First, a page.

The Australian Advertising Standards Bureau released its ‘Top 10 Controversial Ads in Australia’ report for 2008. The agency received more than 2,350 complaints for 540 ads released on television, outdoor and print mediums.
So, how offensive really were these ads that made some Aussies mad enough to pick up the phone and call the bureau? After searching around a bit, I was able to find most of the commercials and advertisements online.
Without further ado, here are Australia’s top 10 controversial commercials of 2008:
(10) Motorola – Razr Mobile Phone
This harmless commercial for Motorola’s Razr mobile phone received more than 40 calls from viewers, ostensibly horrified by the use of the Razr as a melee weapon. The bureau dismissed the complaints and did not ban the commercial.
(9) Advanced Medical Institute billboard – "Bonk Longer"
The billboards put up by the Advanced Medical Institute, promoting a nasal spray to treat premature ejaculation, prompted 45+ calls from outraged viewers. Believe it or not, but this was the toned down version of their previous campaign.
Sensing the mood of the public, the institute voluntarily withdrew the campaign.
(8) Virgin Mobile – ‘Go Topless’ Campaign
Virgin Mobile’s ads are usually quite risqué, but fun to watch. The ‘Go Topless’ commercial featured a topless young woman covering her ‘assets’ while talking on the phone. The ad received over 45 complaints, but was not banned.
Sadly, I was unable to find the said commercial on the net. To make up for it, here are two typically raunchy Virgin Mobile commercials.
Note: The ads are slightly NSFW.
(7) Tell The Truth Coalition – Pictures of Aborted Fetuses
The anti-abortion group, Tell the Truth Coalition, mailed thousands of pamphlets with pictures of dead fetuses to unsuspecting residents of Melbourne, Australia. The bureau received only 45 complaints, but promptly banned the ads. As this is beyond appalling and in extremely poor taste, I’m not going to post the pictures or the link.
(6) Coca-Cola – Mother
This one is a genuine head-scratcher. Coco Cola released this commercial to promote their re-launch of Mother energy drink.
The ad showed a SWAT team raiding a lab, and then violently taking down the scientists who were responsible for making the original version of the energy drink. The bureau received over 50 complaints about the commercial, and decide to ban it.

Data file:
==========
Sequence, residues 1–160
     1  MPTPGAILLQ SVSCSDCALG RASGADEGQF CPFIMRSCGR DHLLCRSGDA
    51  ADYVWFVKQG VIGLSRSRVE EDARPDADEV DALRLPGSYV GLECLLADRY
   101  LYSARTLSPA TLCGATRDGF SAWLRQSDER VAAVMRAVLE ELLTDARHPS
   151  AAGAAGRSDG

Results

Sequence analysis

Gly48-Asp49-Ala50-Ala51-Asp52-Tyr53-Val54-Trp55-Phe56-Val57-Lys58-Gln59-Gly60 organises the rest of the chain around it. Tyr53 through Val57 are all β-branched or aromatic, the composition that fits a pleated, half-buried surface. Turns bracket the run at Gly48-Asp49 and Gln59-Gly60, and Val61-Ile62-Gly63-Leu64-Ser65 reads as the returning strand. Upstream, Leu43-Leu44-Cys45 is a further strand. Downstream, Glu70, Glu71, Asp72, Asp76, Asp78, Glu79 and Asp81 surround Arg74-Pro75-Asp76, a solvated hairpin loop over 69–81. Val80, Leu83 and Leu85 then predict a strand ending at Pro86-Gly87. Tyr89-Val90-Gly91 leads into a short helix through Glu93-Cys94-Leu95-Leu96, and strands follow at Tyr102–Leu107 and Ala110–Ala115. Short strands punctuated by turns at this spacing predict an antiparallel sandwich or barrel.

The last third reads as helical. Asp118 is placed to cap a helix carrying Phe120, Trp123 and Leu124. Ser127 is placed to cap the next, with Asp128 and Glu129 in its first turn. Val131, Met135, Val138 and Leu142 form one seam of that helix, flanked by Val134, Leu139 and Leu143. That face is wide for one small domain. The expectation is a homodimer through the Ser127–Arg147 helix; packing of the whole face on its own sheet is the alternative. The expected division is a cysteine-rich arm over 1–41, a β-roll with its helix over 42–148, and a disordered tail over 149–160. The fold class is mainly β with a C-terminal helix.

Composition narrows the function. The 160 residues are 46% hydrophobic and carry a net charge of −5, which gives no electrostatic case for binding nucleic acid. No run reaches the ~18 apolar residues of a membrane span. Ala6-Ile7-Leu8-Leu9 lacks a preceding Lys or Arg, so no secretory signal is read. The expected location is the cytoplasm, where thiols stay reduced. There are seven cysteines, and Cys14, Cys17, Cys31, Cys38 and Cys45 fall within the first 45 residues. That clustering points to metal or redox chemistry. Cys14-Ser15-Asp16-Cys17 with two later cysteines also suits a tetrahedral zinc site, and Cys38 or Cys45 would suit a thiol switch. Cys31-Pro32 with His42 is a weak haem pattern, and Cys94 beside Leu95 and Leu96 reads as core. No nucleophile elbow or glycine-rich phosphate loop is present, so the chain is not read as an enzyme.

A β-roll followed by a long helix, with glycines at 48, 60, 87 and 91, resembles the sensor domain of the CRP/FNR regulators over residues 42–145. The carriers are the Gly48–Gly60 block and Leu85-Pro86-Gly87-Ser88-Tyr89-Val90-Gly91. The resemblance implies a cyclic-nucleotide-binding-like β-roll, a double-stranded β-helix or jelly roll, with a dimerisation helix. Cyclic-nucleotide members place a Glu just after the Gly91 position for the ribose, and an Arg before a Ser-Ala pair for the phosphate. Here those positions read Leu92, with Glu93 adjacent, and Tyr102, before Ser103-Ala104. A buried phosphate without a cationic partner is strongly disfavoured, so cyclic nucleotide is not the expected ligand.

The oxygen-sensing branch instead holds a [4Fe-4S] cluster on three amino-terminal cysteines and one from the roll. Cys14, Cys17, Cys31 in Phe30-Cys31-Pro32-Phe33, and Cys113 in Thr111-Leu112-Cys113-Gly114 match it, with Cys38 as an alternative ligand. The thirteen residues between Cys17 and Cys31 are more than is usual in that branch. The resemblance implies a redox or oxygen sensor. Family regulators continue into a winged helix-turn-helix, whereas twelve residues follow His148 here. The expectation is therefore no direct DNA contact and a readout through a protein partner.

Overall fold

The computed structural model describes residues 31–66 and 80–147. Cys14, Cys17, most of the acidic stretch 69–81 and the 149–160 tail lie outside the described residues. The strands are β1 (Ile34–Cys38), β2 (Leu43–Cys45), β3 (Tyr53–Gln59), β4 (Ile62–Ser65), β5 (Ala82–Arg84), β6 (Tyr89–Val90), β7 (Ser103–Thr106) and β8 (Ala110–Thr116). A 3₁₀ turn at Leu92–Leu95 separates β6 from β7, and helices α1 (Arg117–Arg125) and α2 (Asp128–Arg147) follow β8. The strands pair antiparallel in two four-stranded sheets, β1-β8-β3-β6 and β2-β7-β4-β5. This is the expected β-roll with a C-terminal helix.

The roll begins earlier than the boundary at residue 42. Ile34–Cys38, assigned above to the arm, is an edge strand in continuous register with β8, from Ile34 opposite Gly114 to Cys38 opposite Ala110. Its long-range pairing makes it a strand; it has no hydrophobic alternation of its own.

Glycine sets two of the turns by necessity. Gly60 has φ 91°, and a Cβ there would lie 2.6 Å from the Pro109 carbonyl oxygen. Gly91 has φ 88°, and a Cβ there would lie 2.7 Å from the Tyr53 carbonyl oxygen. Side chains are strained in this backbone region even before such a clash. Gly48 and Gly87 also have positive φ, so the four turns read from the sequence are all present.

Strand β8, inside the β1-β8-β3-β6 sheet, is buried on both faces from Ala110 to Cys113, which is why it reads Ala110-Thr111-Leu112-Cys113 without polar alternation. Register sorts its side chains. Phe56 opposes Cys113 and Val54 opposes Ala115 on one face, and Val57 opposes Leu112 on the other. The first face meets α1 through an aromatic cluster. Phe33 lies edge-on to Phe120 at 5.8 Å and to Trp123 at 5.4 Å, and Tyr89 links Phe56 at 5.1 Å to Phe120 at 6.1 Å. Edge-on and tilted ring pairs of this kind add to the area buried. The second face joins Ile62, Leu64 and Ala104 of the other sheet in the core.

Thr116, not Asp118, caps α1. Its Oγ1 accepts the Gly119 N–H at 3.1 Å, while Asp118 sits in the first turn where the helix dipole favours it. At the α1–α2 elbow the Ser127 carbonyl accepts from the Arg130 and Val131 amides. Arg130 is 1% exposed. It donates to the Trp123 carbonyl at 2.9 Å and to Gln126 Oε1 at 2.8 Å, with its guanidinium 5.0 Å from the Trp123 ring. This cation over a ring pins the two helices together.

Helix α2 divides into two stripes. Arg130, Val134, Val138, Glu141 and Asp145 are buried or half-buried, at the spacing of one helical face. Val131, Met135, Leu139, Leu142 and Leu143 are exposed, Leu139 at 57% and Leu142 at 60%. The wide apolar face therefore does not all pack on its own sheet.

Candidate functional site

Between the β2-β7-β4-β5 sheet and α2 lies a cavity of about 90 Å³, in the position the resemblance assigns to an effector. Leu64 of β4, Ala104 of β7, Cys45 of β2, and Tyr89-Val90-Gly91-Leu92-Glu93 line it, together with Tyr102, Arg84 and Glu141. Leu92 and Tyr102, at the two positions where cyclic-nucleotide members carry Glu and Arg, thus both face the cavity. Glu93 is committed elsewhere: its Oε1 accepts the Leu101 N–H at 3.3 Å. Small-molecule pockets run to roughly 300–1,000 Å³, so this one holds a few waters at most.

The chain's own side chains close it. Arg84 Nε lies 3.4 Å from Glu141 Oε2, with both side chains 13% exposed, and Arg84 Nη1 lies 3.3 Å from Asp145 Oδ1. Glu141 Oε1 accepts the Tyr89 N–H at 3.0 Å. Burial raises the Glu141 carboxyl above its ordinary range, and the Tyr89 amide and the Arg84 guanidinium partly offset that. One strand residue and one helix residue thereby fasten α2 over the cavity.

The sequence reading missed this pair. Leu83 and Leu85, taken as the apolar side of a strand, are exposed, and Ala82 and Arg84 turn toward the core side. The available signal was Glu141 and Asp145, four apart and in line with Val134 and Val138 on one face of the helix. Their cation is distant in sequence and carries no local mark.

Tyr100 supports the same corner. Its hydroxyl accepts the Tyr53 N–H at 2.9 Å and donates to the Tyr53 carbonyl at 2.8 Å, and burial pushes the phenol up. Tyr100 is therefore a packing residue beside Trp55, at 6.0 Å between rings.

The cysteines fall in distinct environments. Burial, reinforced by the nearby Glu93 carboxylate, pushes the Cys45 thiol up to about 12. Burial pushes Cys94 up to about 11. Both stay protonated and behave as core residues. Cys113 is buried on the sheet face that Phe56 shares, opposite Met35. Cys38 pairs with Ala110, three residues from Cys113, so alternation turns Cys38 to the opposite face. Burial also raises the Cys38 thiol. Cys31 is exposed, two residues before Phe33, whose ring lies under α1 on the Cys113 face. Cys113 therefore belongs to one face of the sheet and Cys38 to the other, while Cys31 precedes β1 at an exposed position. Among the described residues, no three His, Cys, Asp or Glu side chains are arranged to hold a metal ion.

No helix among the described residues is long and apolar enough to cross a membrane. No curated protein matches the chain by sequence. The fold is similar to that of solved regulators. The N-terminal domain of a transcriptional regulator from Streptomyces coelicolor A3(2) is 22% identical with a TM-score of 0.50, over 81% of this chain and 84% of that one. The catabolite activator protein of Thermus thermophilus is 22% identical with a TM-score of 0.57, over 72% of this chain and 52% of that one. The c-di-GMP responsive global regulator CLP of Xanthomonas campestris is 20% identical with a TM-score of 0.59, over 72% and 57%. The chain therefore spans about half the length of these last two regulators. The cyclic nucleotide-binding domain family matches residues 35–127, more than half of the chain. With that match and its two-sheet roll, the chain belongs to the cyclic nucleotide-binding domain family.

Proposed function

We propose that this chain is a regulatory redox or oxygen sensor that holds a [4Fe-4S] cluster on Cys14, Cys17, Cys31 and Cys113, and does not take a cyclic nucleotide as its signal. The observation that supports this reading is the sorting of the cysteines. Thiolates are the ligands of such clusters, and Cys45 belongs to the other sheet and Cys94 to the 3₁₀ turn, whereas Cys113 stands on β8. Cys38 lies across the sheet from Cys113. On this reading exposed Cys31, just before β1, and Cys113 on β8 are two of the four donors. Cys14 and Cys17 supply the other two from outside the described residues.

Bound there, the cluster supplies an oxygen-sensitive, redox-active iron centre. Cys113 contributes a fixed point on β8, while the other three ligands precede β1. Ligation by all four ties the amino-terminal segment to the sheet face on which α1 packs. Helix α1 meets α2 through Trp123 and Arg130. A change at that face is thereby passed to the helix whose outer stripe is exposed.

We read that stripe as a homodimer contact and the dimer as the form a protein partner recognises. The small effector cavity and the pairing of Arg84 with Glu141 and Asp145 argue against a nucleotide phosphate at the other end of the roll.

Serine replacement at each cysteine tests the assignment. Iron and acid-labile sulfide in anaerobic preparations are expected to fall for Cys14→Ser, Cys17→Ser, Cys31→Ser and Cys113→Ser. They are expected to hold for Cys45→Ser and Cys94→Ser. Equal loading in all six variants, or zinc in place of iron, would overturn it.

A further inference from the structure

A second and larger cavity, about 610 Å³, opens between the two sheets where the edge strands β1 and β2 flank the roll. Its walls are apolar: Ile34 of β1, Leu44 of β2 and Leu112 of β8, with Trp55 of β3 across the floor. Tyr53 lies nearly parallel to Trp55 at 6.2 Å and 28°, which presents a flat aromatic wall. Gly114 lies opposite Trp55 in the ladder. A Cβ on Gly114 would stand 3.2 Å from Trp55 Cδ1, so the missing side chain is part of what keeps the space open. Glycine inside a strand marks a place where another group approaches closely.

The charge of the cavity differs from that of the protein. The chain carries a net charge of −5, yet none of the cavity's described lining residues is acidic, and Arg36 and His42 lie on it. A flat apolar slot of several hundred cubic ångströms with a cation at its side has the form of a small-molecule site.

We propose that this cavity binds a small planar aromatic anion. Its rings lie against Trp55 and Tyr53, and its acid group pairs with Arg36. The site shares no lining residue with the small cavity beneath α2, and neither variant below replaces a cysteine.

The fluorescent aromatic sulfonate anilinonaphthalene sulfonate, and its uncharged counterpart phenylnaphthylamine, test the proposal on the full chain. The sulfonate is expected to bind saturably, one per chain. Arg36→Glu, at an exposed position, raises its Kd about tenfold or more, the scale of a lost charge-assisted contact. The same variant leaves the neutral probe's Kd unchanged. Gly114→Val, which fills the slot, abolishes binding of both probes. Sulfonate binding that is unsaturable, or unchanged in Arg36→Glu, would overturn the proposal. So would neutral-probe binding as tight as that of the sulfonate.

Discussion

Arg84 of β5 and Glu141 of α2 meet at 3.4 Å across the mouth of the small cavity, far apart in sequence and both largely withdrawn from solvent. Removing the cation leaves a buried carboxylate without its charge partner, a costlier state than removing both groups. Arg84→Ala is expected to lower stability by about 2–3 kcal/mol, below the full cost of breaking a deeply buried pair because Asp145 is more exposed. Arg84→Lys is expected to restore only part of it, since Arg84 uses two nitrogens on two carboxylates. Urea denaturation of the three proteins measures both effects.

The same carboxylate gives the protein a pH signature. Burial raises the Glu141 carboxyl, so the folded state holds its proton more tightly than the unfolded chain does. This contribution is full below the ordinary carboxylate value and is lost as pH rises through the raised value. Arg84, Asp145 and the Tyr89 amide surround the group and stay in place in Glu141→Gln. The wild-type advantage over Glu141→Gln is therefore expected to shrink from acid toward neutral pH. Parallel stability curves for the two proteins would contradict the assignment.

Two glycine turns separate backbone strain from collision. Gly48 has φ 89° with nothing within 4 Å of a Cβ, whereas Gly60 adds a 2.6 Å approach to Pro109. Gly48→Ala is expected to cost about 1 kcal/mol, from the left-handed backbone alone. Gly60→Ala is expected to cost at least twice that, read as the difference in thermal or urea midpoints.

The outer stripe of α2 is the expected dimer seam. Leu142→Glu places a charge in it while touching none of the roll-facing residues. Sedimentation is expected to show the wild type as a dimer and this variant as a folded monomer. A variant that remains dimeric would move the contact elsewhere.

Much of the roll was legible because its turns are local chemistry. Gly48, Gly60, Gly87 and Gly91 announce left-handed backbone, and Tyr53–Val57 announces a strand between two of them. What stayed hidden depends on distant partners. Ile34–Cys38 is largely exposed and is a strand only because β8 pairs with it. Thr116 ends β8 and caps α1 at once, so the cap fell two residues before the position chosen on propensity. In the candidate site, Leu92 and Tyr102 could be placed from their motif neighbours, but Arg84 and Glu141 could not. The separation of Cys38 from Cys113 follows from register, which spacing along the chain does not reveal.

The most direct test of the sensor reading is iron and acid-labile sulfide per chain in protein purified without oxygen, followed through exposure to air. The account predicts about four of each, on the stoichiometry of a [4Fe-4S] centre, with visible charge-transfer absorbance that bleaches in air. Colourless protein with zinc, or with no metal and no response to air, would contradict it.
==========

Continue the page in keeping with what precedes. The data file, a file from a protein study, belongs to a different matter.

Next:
(5) Quit Victoria – Anti-smoking Campaign
This one proved to be traumatizing for parents of young children. A young child, separated from its parent at a train station, starts to panic and then cry. The ad asks you to imagine how he’ll feel if you die from smoking.
The bureau received 65+ complaints, but thankfully, the ad was not banned.
(4) Inghams Chicken – Water Cooler Ad
This commercial for Inghams implied that there was something wrong with people if they didn’t like to eat chicken.
The ad received more than 100 complaints, but wasn’t banned by the bureau.
(3) Advanced Medical Institute – “Want Longer Lasting Sèx” billboard
This was the original phrase used in the billboards for the Advanced Medical Institute. Reportedly, the ad made one child ask his mother, "How long is it supposed to last?"
The ad received more than 110 complaints from Australian residents, and the bureau promptly banned it.
(2) Domino’s – Many Toppins
This terribly planned and executed commercial for Domino’s had a fat man named ‘Mary Toppins’, and a groan inducing catchphrase “SuperCalaFreakinAwesome.” Viewers made over 145+ calls complaining that ‘freakin’ sounded more like ‘friggin’.
The commercial wasn’t banned, but it certainly should have been. They should have also put the copywriter and the entire ad department into prison (with no chance of parole), and then thrown away the keys.
(1) Kotex U – Beaver Commercial
Kotex’s U Tampon commercial had an attractive woman going on about her daily activities, but with a beaver in tow. Viewers are told, "You only have one of them, so look after it."
The ad received over 185+ complaints, but the bureau decided not to ban it.
So there you have it. The top 10 ads which invited the most number of complaints in Australia. People are not really that different, down under.
[Hat tip to The Daily Telegraph]